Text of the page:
Capitalism creates prosperity. By channeling energies into production and innovation, it has enabled billions of ordinary people to live better than the royalty of old. But capitalism puts power into the hands of owners, including hard-to-love billionaires and multinational corporations. It’s blamed for widening the gap between rich and poor. Many people equate it with cronyism and the capture of government by special interests. One camp says the solution is to clean up capitalism: End subsidies and protections for businesses, dismantle monopolies and unwind red tape. Another camp says government needs to play a bigger role because the profit motive of capitalists can’t be relied upon to meet society’s needs.
Inequality has gotten both better and worse. Inequality between nations has diminished with the rise of China, India and other nations that have turned to capitalism and free markets. At the same time, inequality between rich and poor within nations has gotten worse. Overall, the bottom half of the world owns less than 1% of the world’s wealth, while the top 1% of adults own 47%. Capitalism and free markets are being challenged by both the left and the right. Two U.S. senators campaigning to become the Democratic Party’s presidential candidate, Bernie Sanders and Elizabeth Warren, argue that the economic system is “rigged” to benefit the wealthy. On the right, President Donald Trump has labeled himself “Tariff Man” and moved to restrict immigration, even though the free flow of goods and people is fuel for growth in capitalist economies. Ray Dalio, the billionaire founder of Bridgewater Associates, the world’s biggest hedge fund, says discontent with disparities in wealth could boil over into revolution.
Capitalism is built on profit-seeking by private owners of property. Individuals and companies own land, machines and other assets, and they hire workers to use that “capital” to create products and services for sale. In theory — and usually in practice — competition for customers induces capitalists to improve. The “invisible hand” of the free market, rather than government, guides who does what. The Scottish economist Adam Smith wrote in 1776, “It is not from the benevolence of the butcher, the brewer, or the baker that we expect our dinner, but from their regard to their own interest.” The American economist Milton Friedman argued in the 1970s that maximizing profits for shareholders, subject to following the law, should be the only objective of corporations. Corporate boards largely embraced that message. But there has since been a growing movement toward so-called stakeholder capitalism, which demands that companies balance the interests of shareholders against those of employees, customers and society. In August 2019, Business Roundtable, an association of U.S. chief executive officers, endorsed that idea, abandoning its support for Friedman’s view. Germany already requires 50% employee representation on large corporations’ supervisory boards, which make strategic decisions.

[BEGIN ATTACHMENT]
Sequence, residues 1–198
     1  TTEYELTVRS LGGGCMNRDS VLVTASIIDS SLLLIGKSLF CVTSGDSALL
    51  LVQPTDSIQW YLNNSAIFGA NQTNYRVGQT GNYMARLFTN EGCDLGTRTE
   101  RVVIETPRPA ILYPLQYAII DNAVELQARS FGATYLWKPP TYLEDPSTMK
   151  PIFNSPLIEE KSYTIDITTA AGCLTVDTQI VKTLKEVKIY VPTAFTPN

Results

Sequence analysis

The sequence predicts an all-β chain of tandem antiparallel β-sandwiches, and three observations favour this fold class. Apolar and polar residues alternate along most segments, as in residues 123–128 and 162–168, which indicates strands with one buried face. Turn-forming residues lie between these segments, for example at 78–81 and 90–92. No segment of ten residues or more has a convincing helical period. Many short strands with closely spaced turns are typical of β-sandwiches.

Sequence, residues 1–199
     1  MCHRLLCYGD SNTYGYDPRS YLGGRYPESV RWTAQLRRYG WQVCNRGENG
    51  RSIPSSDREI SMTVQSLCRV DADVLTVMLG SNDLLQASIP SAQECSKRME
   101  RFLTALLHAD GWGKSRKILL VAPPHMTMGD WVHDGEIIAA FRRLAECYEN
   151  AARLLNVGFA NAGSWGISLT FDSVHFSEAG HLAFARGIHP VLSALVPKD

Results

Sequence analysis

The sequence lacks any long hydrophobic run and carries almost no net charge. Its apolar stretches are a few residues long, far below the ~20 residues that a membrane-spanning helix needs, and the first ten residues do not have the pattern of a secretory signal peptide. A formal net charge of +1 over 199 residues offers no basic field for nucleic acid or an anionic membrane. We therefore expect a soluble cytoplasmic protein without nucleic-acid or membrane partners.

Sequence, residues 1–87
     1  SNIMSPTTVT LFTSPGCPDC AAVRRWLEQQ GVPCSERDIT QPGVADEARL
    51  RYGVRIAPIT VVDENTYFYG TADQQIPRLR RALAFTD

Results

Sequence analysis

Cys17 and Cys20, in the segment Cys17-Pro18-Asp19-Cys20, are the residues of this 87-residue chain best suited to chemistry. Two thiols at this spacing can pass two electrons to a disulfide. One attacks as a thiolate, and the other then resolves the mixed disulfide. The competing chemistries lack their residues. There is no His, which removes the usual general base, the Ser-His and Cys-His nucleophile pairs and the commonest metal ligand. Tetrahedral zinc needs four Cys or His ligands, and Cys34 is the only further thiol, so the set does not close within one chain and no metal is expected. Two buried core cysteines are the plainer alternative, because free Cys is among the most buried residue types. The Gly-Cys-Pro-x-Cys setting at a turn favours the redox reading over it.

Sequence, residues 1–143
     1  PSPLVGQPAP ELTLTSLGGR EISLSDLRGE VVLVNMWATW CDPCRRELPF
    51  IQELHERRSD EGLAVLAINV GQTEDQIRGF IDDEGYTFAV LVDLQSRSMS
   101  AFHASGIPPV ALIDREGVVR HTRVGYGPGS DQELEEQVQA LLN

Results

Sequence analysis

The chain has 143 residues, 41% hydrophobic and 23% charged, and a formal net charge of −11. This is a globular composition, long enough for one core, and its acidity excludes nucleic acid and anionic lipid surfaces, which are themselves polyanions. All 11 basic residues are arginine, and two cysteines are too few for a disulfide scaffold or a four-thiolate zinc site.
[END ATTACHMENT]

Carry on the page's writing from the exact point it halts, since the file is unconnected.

The free-market fix for capitalism is more capitalism: Breaking up the tech giants would level the playing field for competitors. Erasing tariffs would benefit the poor, who spend a bigger share of their income on imported products. Loosening limits on the types of homes that can be built would make housing more abundant and affordable. Restrictions on lobbying would give politically unconnected companies a fairer shot. Many of these fixes are supported by people on the center-left such as Warren, who calls herself “a capitalist to my bones.” On taxes, capitalists are divided. Some say lower taxes will spark more growth and prosperity. Others cite high-tax Scandinavia as a model: Unleash private enterprise to create prosperity, and then use taxes and transfers to offset the income inequality that inevitably results. Another approach — either instead of or, more often, in addition to making capitalism work better — is for the government to take over parts of the economy where the capitalist system has failed to provide basic needs. In this vision, the government would build more housing instead of simply giving incentives for private construction. It would guarantee state jobs for people who got laid off in the private sector, averting a decline in employment whenever the economy slows. In the U.S., this viewpoint propels the argument for replacing the patchwork of private health plans that leave more than 30 million people uninsured with government-provided coverage for all. It’s also behind the push for free or debt-free college education to uplift the less advantaged. Those ideas come from the left. On the right, the “national conservatism” movement would rein in free markets by engaging in industrial planning and protecting key industries from foreign competition. The upshot: Some on the left embrace capitalism, and some on the right mistrust it.
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First published Sept. 11, 2019
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